Crisis Management Plan on an office desk and papers.

Law firm crisis typically brings financial pressure.  Reduced demand, slow-paying clients, and now due obligations incurred in better times are but a few of the hallmarks of crisis.  As bad as these things can be, the strain can intensify quickly when the

Covid-19 has impacted virtually all law firms.  A few firms have benefitted, some have suffered catastrophe, while the bulk of firms fall somewhere in the middle and forge ahead as best they can.

Whether leadership for this third group is plugging a leaky dike or simply boosting morale, the focus on short-term survival is a

The Coronavirus is causing broad-based law firm disruption.  Reports of law firms reducing draws, decreasing salaries, furloughing or laying off of lawyers and staff, and modifying summer associate programs appear daily.  Besides creating concern for health and well-being, the pandemic presents real and substantial challenges for law firms.  All firms will feel it, and some

A law firm in crisis is in a different world—a world in which leadership must learn to adapt.  It is a place that requires thinking differently, acting decisively, and making choices count.  In battling crisis mistakes inevitably happen, but successful crisis leaders keep the number and magnitude small.  A law firm leader flexes brain muscles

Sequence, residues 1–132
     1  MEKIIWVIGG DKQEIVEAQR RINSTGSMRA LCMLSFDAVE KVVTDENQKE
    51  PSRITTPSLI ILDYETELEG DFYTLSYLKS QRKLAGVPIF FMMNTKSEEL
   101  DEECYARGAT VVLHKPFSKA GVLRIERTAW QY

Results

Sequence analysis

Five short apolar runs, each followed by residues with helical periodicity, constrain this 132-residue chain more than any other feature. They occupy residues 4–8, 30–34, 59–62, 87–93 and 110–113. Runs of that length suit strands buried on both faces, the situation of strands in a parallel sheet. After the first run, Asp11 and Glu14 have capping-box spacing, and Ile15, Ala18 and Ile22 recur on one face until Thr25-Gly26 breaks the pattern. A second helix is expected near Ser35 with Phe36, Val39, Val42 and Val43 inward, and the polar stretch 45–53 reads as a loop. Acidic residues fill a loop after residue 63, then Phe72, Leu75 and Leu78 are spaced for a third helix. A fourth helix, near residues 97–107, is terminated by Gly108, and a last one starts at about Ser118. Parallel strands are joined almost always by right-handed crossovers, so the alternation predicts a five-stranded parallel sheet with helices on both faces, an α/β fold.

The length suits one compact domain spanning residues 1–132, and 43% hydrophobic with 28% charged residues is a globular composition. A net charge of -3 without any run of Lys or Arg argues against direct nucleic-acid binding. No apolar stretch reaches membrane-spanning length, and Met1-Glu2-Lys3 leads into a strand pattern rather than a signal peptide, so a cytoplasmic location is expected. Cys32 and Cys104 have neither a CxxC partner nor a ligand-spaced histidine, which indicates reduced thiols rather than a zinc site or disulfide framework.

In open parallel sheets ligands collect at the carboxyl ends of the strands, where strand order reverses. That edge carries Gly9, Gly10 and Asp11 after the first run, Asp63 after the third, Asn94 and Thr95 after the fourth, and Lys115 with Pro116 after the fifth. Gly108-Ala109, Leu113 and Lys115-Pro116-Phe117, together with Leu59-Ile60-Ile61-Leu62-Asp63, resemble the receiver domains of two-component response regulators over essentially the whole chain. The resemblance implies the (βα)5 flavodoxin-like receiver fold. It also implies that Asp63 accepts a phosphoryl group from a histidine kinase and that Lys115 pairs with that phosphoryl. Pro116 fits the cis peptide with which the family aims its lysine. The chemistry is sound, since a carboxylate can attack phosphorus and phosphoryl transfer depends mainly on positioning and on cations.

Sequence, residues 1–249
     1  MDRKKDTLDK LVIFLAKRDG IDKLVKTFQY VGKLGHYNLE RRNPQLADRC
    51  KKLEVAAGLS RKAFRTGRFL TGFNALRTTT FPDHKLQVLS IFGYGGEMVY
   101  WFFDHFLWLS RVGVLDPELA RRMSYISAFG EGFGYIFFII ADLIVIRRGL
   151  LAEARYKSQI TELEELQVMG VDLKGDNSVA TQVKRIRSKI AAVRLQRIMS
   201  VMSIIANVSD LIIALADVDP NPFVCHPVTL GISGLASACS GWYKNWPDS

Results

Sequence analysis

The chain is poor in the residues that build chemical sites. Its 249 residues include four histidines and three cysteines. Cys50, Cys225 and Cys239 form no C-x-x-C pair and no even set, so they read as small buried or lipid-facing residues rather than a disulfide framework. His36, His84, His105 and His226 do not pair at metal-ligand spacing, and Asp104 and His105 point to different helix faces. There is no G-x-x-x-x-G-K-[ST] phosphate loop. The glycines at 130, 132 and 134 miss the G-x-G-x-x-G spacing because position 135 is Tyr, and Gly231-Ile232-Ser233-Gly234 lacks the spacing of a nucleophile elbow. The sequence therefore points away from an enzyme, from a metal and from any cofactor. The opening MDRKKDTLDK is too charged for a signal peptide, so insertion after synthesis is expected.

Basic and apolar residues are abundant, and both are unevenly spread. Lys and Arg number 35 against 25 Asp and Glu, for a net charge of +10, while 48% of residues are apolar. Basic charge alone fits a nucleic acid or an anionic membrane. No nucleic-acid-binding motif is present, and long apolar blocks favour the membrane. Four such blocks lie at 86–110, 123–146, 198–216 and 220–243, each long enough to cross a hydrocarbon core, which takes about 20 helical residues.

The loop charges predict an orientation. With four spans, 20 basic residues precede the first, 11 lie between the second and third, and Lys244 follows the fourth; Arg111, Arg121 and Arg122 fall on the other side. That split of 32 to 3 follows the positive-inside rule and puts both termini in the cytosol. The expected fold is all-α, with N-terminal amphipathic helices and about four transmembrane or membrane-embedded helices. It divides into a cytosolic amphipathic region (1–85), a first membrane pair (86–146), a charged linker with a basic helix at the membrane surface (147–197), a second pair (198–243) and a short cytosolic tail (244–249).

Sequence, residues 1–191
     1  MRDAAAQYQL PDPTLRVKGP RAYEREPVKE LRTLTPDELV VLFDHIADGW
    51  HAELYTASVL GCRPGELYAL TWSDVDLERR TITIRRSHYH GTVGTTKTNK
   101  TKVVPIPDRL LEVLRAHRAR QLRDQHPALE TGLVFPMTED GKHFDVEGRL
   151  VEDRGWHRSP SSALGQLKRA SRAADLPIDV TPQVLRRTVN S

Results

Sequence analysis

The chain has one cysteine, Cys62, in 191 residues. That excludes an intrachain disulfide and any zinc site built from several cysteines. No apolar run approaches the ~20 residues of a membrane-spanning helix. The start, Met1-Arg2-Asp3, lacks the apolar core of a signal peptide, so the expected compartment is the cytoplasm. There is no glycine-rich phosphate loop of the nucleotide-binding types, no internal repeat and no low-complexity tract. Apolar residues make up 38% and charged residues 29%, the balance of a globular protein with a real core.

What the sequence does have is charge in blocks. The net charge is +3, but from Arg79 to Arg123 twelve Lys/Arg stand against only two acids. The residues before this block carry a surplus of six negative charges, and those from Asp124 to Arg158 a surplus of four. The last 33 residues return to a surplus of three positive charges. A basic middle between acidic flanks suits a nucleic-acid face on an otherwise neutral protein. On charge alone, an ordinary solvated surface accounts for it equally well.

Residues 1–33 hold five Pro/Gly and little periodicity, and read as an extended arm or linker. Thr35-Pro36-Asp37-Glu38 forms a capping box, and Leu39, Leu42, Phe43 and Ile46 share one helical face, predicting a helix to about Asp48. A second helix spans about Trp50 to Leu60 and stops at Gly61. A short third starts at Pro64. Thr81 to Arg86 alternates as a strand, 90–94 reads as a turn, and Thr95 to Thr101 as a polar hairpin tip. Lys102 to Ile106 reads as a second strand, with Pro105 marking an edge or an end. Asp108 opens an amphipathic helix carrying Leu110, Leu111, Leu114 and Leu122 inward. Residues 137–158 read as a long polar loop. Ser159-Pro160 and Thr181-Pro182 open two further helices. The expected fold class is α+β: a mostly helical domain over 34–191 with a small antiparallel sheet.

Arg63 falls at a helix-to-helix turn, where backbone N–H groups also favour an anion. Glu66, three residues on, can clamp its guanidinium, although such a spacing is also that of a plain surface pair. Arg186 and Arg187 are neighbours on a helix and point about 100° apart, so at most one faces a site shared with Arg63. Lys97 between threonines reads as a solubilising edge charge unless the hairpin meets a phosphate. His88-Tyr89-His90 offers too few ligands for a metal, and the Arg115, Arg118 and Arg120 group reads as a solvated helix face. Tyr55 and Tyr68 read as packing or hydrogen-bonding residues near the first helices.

Recent years have been good for law firms of all kinds and sizes.  But good days can’t last forever.  Whether the next downturn hurting law firms gets traced to a world-wide virus, political disruption, or just a plain old recession, it doesn’t really matter. What matters for law firms having to ride the looming bumpy

For a lot of law firms, “business as usual” is like a favorite pair of shoes-they seem to fit and sure feel comfortable. When that is the case, falling back on usual practices continues as long as there is no pressure to change.  But once a watershed event occurs that shakes the foundations of management

Although many law firms are enjoying increased demand, revenues and profitability, not all firms are so fortunate.  For the firms seeing a sustained slackening of demand, there is no shortage of ideas on how to combat the problem.   “Work harder,” “get out and hustle,” and “reconnect with your relationships,” are but a few of the

The concentration of law firm financial strength narrows as fewer AmLaw 200 law firms can be counted among the fortunate. As Mark A. Cohen argues in his The AmLaw 200 Is Down to 50 – Maybe 20.  What does It Mean?  a fiscal separation among bigger firms has occurred and continues.  Cohen concludes that the

BigLaw leaders have many things to think about when guiding their firms to Top 100 finishes. One major item is the need to respond to client expectations of value.  The idea that clients expect value in the legal services they buy is not a radical idea.  As long as law firms have had clients, there

Fingerprints are unique.  No two snowflakes are alike.  And the more one looks at law firms, the more it is apparent that each law firm has its own personality.  Whether small or large, local, national, or international in scope, general service or specialized boutique, driven by profit or public service, each law firm has its own DNA.

Though distinctive, many law firms share common characteristics.  One shared by all law firms is the need to be financially healthy.  Law firm financial health is the universal need of every law firm—without financial health a law firm’s future is seriously suspect.


Continue Reading Optimizing Your Law Firm’s Financial Health in 2019-Four Areas to Focus Your Spring Cleaning